Although I've seen signs that Israelis are learning to jealously guard their privacy from intrusive passers-by, I doubt we're ever going to see a decline in the busybody factor in this nation of Jewish muthahs.

Sunday, June 19

breakdown weeekend

Crazy weekend.
Started out yesterday by going out for breakfast with Mr. S., and then returned home to attempt the never-ending tidying operation of the piles and piles of crap everywhere. My daughter is missing a few items that I became determined to find, giving me an excuse to overhaul her room, which is always the most horrendous mess. Long story short: after thoroughly tidying her whole room and searching the rest of the apt., I never found any of the missing items; and I almost always find things. Lately, though ... she insists that the cleaning lady is taking stuff home, but I can't believe that yet.

Since I was already in there, I changed her sheets, and then mine too, and started a load of laundry. By this time I was sweaty and exhausted, so took a break to listen to my very relaxing meditation disc. Ten minutes into it, the disc player (plugged into the electricity) stopped cold. I opened my eyes and looked around and discovered we had no electricity. First thing to check: Is it the whole building or just us? The hallway lights were working, so it was just us. Went to the circuit board and found that the main switch was down, so I flipped it up. Electricity was back. For about one minute, and then went off again. Again, I'll cut to the chase: After much fussing, phoning and checking plus a house call from our electrician, it was clear that the washing machine was tripping the circuit. And this after weeks of problems with our dryer (which still makes a grinding noise for the first five minutes of each load) and many visits from the dryer technician. We put in another call to him but will have to wait till after the weekend for his visit.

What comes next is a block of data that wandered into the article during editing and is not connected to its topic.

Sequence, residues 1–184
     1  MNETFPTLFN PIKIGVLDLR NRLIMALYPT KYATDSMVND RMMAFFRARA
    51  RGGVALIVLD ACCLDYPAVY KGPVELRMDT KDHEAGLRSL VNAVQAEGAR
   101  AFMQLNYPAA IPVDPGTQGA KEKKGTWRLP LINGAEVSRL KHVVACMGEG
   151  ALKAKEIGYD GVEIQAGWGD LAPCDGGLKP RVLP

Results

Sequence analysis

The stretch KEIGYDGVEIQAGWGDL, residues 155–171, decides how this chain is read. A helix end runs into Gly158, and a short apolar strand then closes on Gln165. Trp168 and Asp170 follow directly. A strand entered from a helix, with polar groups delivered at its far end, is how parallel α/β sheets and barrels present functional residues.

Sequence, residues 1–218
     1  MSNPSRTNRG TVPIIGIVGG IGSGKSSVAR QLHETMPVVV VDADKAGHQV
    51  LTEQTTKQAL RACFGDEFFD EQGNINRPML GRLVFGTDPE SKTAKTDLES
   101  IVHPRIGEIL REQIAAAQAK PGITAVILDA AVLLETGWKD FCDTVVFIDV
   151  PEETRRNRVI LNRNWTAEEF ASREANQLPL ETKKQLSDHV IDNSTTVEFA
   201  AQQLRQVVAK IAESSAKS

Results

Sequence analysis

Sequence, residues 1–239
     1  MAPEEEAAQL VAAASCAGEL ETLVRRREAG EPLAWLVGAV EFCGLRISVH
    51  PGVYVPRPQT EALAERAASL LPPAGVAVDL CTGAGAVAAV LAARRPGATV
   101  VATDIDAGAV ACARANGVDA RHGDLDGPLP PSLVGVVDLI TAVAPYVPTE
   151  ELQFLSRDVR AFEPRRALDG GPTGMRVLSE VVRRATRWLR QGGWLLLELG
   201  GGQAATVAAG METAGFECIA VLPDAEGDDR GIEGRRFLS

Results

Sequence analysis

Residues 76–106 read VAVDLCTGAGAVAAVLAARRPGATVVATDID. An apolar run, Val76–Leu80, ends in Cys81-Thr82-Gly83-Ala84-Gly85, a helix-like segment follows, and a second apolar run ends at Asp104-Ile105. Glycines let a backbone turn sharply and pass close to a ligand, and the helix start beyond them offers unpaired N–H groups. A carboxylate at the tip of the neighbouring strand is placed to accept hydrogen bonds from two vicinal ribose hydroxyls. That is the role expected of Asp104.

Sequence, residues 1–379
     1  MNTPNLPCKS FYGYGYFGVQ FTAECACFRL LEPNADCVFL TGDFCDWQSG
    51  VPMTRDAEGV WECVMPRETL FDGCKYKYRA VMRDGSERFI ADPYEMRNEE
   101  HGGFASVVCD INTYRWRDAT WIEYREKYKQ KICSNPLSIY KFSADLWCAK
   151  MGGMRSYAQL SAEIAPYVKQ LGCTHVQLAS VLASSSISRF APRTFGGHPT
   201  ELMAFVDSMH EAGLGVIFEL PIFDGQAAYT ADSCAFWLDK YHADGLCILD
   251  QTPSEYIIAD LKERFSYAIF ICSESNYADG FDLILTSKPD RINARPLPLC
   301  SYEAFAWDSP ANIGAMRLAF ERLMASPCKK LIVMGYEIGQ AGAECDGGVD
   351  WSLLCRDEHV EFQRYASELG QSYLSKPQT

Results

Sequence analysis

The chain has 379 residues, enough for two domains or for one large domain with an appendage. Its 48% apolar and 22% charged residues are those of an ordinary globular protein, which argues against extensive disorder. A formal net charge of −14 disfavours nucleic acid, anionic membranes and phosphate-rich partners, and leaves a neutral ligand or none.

It is not fun dealing with a washing machine full of clothes and dirty water, so I left that for the next day.

Meanwhile, electrical outages are not very good for computers either. Due to technical reasons I won't bore you with, we next found ourselves with no internet connection and no solution forthcoming. So we had to call our computer techie for that, and found him to be incapacitated with shock over an collision he'd just had between his car and a motorcycle. There was no way he was coming over to fix our computer, so we were a family of internet addicts looking at a weekend offline. Not inspiring.